February 24, 2011
Yale's Highly-Regarded Information Society Project Seeks Executive Director
What could be better--the opportunity to work with Yale faculty and (especially) students--and the resources of Yale:
Executive Director, Yale Information Society Project
The Information Society Project (ISP) at Yale Law School is seeking applications for the position of Executive Director. The Yale ISP is an interdisciplinary center that studies the implications of the Internet and new information technologies for law and society.
The Yale ISP produces books, scholarship, and policy briefings; it regularly holds symposia, weekly events, reading groups, and seminars at Yale Law School and in international venues. It administers the Knight Law and Media Program at Yale Law School. The Information Society Project also hosts resident and visiting fellowships for recent graduates of law and doctoral programs interested in careers in teaching and public policy.
The Executive Director oversees all aspects of the Yale ISP's research programs and works closely with ISP Director Professor Jack Balkin.
Specific responsibilities of the Executive Director include:
- Administering the ISP’s research programs
- Working with J.D. students and postdoctoral fellows
- Teaching or co-teaching an Access to Knowledge course at Yale Law School
- Maintaining a distinguished personal program of research
- Managing the administrative staff of the ISP
- Overseeing public relations (web site, social media, press releases)
- Speaking in high-profile venues on behalf of the Yale ISP
- Organizing special events and symposia at Yale Law School and abroad
- Developing the annual budget
- Performing financial forecasting and monthly expenditure oversight
- Fundraising for the ISP and managing relationships with funders
- Overseeing a scholarly publication strategy for the ISP.
The Executive Director is expected to be in residence in the New Haven vicinity, and begin the appointment on or before July 25, 2011. The Executive Director will receive a salary (commensurate with experience) plus Yale University benefits. Candidates must be a graduate of a law school or a Ph.D program with a distinguished academic record, administrative and organizational expertise, and a record of scholarship, policy briefs, or other publications in areas related to the Yale ISP’s work.
Application materials should include the following:
(1) A cover letter describing qualifications and including a statement of the applicant’s scholarly or policy research area;
(2) A curriculum vitae;
(3) A law school or doctoral transcript;
(4) At least one sample of recent scholarly writing;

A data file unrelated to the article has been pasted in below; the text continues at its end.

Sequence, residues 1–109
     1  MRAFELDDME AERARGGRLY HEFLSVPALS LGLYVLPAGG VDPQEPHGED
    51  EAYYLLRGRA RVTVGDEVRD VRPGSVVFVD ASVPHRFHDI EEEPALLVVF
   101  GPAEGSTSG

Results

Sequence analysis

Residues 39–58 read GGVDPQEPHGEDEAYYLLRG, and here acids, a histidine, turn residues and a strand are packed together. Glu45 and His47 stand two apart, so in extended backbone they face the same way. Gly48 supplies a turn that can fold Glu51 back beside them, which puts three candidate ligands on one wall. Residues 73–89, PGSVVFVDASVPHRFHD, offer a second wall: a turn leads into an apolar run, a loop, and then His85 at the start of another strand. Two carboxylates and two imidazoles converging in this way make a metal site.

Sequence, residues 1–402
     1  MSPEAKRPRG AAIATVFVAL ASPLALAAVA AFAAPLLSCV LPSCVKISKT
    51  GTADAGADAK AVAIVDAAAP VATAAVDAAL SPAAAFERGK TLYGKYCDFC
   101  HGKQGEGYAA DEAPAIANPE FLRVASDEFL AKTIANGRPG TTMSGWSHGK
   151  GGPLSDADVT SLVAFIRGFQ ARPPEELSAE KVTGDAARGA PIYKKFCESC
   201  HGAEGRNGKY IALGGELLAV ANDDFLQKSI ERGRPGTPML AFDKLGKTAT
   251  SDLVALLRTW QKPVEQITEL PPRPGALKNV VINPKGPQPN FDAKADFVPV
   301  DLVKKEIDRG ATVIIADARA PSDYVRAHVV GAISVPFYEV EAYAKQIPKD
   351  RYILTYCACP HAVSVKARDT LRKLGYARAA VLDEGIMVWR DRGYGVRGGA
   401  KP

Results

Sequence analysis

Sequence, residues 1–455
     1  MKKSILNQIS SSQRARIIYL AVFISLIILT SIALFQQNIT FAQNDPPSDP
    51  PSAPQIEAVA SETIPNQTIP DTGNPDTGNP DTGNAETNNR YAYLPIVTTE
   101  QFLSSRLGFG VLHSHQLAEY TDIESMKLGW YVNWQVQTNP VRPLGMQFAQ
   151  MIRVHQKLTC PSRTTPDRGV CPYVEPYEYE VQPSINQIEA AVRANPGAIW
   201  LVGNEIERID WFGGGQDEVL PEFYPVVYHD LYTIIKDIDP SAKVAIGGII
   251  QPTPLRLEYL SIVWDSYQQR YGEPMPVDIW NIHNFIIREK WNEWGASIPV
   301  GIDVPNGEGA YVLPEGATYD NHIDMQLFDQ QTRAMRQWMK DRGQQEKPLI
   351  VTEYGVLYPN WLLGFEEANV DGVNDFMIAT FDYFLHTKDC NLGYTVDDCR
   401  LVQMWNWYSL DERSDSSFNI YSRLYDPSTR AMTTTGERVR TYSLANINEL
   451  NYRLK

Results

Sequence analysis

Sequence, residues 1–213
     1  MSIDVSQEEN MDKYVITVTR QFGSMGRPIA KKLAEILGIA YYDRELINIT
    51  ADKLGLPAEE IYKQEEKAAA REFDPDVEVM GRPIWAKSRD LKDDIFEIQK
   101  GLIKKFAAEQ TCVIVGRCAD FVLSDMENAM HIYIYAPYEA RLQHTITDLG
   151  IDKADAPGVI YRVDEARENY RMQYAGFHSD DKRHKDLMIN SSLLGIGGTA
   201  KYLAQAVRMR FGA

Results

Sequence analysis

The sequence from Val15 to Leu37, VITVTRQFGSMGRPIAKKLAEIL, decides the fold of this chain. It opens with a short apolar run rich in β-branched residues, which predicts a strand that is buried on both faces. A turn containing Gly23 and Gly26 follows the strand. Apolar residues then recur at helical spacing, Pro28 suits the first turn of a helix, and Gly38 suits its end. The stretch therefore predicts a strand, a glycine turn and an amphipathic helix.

(5) Two letters of recommendation.
Applications must be postmarked no later than March 31, 2011. Interviews will be held during the month of April. The new Executive Director will be announced on or before the beginning of May 2011. For additional information please contact Deborah Sestito at firstname.lastname@example.org.
Application materials should be sent (in electronic copy) to Deborah Sestito at email@example.com.
February 21, 2011
My Talk at Google
Thanks to Google's sharp interlocutors for excellent questions at my talk last week on my paper, Googling Freedom. An older draft of the paper is available at SSRN here. The tour of the campus, lunch at Charlie's, and talking with members of the Google policy team were all a lot of fun.
February 17, 2011
United States Foreign Aid, by Country--Economic and Military
The chart above (in downloadable PDF form; download in Excel format here: Download US Foreign Aid, by Country) appears on the U.S. Census Bureau's 2011 Statistical Abstract, and shows that Egypt received $1.5 billion in foreign aid in 2008, most of that military aid.
Here are the top eighteen recipients in 2008:
(Billions of U.S. $)
February 11, 2011
Egypt's Internet Shutdown, Graphed by Google Traffic Share
February 01, 2011
The Democratic Wave, and Its Retreat
David Brooks of the New York Times writes:
This quest for dignity has produced a remarkable democratic wave. More than 100 nations have seen democratic uprisings over the past few decades. More than 85 authoritarian governments have fallen. Somewhere around 62 countries have become democracies, loosely defined.
The experiences of these years teach us a few lessons. First, the foreign policy realists who say they tolerate authoritarian government for the sake of stability are ill informed. Autocracies are more fragile than any other form of government, by far.
Second, those who say that speeches by outsiders have no influence on places like Egypt have it backward. The climate of opinion is the very basis of the revolt.
Third, for all the pessimism and nervousness that accompanies change, most countries that have experienced uprisings end up better off. We can all think of exceptions, like Iran, but we should greet these events with eagerness and hope.
Fourth, while the public hunger for dignity is unabated, the road from authoritarianism to democracy is rocky and perilous. Over the past few years, the world has experienced a “freedom recession” with more governments retreating from democracy than advancing toward it. For outside powers, the real work comes after the revolution — in helping democrats build governments that work.
The other thing we’ve learned is that the United States usually gets everything wrong. There have been dozens of democratic uprisings over the years, but the government always reacts like it’s the first one. There seem to be no protocols for these situations, no preset questions to be asked.